SCHEDULING AND MANAGEMENT
1.1 FCFS Scheduling
Service all the requests close to
the current head position, before moving the head far away to service other
requests. That is selects the request with the minimum seek time from the
1.3 SCAN Scheduling
The disk head starts at one end of the disk, and moves toward
the other end, servicing requests as it reaches each cylinder, until it gets to
the other end of the disk. At the other end, the direction of head movement is
reversed, and servicing continues. The head continuously scans back and forth
Elevator algorithm: Sometimes
the SCAN algorithm is called as the elevator algorithm, since the disk
arm behaves just like an elevator in a building, first servicing all the
requests going up, and then reversing to service requests the other way.
1.4 C-SCAN Scheduling
Variant of SCAN designed to
provide a more uniform wait time. It moves the head from one end of the disk to
the other, servicing requests along the way. When the head reaches the other
end, however, it immediately returns to the beginning of the disk, without
servicing any requests on the return trip.
1.5 LOOK Scheduling
Both SCAN and C-SCAN move the disk arm across the full width
of the disk. In this, the arm goes only as far as the final request in each
direction. Then, it reverses direction immediately, without going all the way
to the end of the disk.
2. Disk Management
Low-level formatting or physical formatting:
ü Before a
disk can store data, the sector is divided into various partitions. This
process is called low-level formatting or physical formatting. It fills the
disk with a special data structure for each sector.
ü The data
structure for a sector consists of
o Data area (usually 512 bytes in
header and trailer contain information used by the disk controller, such as a
sector number and an error-correcting code (ECC).
formatting enables the manufacturer to
Test the disk and
To initialize the mapping from logical block numbers
· To use a
disk to hold files, the operating system still needs to record its own data
structures on the disk. It does so in two steps.
The first step is Partition the disk into one or
more groups of cylinders. Among the partitions, one partition can hold a copy
of the OS‘s executable code, while another holds user
second step is logical formatting .The operating system stores the initial
file-system data structures onto the disk. These data structures may include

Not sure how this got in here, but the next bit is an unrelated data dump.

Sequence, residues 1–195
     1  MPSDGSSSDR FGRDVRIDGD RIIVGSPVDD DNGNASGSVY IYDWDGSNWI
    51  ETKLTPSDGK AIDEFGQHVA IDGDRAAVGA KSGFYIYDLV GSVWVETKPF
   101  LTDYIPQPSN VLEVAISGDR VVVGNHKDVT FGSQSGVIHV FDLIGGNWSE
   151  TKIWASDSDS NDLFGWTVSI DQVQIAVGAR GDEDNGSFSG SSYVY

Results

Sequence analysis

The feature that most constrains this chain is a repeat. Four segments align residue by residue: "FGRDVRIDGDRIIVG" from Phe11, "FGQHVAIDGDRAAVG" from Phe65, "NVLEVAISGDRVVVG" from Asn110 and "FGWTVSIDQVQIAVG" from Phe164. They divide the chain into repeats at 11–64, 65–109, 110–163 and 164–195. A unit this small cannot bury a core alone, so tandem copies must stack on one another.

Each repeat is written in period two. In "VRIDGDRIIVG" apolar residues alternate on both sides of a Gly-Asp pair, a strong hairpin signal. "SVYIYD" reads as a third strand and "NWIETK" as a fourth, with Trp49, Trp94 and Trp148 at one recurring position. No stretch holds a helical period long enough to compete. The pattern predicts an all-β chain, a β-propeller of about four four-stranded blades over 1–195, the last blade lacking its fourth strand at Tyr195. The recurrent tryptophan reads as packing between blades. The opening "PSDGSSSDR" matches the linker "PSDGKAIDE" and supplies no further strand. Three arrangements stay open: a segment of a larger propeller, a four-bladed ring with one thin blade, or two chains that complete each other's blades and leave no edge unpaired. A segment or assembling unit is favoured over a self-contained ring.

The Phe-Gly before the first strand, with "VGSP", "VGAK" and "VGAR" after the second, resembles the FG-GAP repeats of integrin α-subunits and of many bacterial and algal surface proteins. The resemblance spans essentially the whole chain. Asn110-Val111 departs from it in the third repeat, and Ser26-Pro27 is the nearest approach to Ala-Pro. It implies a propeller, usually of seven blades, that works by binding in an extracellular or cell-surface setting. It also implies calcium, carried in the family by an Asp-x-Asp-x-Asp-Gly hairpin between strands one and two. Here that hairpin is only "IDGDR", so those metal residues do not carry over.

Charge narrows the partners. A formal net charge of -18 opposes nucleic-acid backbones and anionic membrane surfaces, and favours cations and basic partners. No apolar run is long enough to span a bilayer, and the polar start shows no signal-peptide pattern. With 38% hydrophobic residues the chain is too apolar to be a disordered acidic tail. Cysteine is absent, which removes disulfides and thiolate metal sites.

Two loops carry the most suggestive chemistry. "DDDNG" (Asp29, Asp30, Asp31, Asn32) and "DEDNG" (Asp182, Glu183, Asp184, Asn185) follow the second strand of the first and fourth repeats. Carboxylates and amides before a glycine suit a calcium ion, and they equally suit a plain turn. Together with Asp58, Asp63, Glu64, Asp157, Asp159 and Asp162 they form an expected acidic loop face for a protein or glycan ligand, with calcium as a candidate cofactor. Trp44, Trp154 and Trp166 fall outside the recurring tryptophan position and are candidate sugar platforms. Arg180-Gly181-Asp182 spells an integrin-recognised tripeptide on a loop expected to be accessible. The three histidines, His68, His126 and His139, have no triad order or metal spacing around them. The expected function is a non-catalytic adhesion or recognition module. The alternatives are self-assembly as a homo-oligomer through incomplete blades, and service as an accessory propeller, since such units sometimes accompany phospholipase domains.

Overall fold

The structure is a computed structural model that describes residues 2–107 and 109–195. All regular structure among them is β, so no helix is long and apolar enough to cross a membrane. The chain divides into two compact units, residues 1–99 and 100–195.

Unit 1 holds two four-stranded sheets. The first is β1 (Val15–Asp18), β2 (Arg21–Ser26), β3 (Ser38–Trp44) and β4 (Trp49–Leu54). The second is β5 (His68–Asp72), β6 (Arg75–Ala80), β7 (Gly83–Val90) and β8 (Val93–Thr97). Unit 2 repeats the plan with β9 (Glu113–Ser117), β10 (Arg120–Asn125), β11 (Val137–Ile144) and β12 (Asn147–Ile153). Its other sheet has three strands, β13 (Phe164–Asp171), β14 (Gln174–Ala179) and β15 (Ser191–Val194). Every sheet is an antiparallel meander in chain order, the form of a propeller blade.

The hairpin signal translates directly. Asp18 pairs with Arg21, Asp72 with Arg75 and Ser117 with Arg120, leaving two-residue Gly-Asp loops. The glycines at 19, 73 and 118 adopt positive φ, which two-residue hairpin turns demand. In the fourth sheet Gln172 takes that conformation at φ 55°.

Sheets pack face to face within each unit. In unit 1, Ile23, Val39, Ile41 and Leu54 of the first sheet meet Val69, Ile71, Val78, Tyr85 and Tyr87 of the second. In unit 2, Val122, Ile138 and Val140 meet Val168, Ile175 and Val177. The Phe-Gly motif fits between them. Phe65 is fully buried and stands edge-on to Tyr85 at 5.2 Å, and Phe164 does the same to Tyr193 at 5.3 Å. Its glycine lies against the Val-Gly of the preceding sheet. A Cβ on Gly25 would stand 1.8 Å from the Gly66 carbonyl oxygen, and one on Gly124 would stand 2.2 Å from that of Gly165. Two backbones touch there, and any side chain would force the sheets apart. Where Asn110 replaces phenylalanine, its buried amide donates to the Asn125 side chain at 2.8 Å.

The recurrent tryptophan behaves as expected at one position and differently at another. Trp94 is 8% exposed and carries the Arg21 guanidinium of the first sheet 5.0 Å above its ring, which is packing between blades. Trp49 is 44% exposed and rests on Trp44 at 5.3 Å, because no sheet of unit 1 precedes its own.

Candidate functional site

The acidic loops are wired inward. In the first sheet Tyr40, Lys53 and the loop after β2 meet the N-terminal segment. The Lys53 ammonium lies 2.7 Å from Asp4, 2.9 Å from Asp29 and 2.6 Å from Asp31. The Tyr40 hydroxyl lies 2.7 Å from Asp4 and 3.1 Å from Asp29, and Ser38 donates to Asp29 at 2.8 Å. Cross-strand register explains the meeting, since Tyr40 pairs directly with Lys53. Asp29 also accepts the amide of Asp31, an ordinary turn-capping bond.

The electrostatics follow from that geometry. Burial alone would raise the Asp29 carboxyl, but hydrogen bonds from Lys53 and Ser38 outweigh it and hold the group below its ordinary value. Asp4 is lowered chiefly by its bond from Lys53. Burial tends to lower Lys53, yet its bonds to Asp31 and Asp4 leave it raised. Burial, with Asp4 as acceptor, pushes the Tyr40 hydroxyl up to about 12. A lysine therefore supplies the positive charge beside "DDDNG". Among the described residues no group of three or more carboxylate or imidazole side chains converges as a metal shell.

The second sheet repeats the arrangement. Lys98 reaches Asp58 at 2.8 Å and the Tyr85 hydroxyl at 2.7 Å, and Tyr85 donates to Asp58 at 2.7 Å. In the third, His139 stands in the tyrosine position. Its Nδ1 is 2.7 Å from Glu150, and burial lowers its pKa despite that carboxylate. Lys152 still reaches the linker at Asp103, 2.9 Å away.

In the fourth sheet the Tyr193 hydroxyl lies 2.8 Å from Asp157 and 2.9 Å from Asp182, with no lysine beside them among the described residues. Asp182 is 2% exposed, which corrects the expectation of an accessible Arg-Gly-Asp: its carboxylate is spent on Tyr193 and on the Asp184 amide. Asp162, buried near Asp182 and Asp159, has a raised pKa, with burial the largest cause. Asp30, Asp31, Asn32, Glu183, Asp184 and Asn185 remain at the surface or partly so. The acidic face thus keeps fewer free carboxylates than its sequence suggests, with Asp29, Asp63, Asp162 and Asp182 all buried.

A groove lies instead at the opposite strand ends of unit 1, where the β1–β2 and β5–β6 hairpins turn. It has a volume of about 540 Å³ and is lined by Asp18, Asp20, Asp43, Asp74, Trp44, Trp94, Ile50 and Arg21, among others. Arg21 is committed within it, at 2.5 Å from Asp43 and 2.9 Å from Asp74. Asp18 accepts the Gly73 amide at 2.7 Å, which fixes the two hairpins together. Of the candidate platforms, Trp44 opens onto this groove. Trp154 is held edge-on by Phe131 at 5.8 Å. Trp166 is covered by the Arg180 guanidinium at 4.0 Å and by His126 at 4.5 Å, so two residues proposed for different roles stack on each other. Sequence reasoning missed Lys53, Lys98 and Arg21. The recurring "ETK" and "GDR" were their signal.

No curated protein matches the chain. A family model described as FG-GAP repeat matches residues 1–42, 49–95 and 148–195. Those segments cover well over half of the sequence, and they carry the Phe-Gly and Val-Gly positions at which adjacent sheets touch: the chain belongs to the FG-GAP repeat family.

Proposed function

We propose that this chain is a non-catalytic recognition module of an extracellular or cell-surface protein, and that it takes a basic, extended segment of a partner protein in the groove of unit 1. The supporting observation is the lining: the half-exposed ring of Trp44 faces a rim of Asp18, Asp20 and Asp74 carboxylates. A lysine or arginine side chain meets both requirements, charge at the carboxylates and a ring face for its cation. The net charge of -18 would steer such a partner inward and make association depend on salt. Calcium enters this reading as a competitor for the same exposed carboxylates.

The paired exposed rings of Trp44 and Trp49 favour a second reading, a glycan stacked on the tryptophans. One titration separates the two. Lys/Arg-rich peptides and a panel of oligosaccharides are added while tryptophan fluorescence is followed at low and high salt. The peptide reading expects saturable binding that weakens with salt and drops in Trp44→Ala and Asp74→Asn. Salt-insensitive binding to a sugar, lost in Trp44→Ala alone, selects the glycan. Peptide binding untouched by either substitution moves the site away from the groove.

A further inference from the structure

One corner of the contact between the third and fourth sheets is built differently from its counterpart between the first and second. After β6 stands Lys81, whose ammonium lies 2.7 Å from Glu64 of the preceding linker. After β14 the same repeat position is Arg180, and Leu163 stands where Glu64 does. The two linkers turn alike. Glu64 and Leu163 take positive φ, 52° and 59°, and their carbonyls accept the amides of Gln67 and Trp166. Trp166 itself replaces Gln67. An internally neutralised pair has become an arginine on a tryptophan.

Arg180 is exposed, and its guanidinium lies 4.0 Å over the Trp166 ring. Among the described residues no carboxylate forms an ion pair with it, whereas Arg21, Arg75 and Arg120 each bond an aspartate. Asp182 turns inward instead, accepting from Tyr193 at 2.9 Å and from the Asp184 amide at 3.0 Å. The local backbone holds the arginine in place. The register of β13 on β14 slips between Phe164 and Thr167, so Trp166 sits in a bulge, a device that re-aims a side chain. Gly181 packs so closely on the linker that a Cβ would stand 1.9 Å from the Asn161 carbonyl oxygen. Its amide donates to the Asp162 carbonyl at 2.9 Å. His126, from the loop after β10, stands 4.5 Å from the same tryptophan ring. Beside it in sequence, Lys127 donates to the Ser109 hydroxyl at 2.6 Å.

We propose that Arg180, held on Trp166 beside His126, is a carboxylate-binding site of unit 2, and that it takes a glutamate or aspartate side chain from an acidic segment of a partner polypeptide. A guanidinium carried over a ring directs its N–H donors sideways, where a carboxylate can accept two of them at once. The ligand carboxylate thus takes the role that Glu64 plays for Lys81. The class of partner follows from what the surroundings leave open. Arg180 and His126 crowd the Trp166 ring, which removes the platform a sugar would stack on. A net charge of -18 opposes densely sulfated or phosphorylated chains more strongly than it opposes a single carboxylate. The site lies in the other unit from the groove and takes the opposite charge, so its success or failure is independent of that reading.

maps of free and allocated space and an initial empty directory.
1 For a
computer to start running-for instance, when it is powered up or rebooted-it
needs to have an initial program to run. This initial progr am is called
bootstrap program & it should be simple. It initializes all aspects of the
system, from CPU registers to device controllers and the contents of main
memory, and then starts the operating system.
1 To do its
job, the bootstrap program
ü Finds the
operating system kernel on disk,
that kernel into memory, and
ü Jumps to
an initial address to begin the operating-system execution.
ü ROM needs
ü It is at
a fixed location that the processor can start executing when powered up or
3. It cannot be
infected by a computer virus. Since, ROM is read only.
ü The full
bootstrap program is stored in a partition called the boot blocks, at a fixed
location on the disk. A disk that has a boot partition is called a boot disk or
ü The code
in the boot ROM instructs the disk controller to read the boot blocks into
memory and then starts executing that code.
loader: load the entire operating system from a non-fixed location on disk, and
to start the operating system running.
1 The disk
with defected sector is called as bad block.
on the disk and controller in use, these blocks are handled in a variety of
§ If blocks
go bad during normal operation, a special program must be run manually to
search for the bad blocks and to lock them away as before. Data that resided on
the bad blocks usually are lost.
sparing or forwarding”
controller maintains a list of bad blocks on the disk. Then the controller can
be told to replace each bad sector logically with one of the spare sectors.
This scheme is known as sector sparing or forwarding.
ü A typical
bad-sector transaction might be as follows:
ü The oper
ating system tries to read logical block 87.
controller calculates the ECC and finds that the sector is bad.
reports this finding to the operating system.
The next time that the system is rebooted, a
special command is run to tell the controller to replace the bad sector with a
that, whenever the system requests logical block 87, the request is translated
sector's address by the controller.
Method 3: “sector
ü For an
example, suppose that logical block 17 becomes defective, and the first
available spare follows sector 202. Then, sector slipping would remap all the
sectors from 17 to 202,moving them all down one spot. That is, sector 202 would
be copied into the spare, then sector 201 into 202, and then 200 into 201, and
so on, until sector 18 is copied into sector 19. Slipping the sectors in this
way frees up the space of sector 18, so sector 17 can be mapped to it.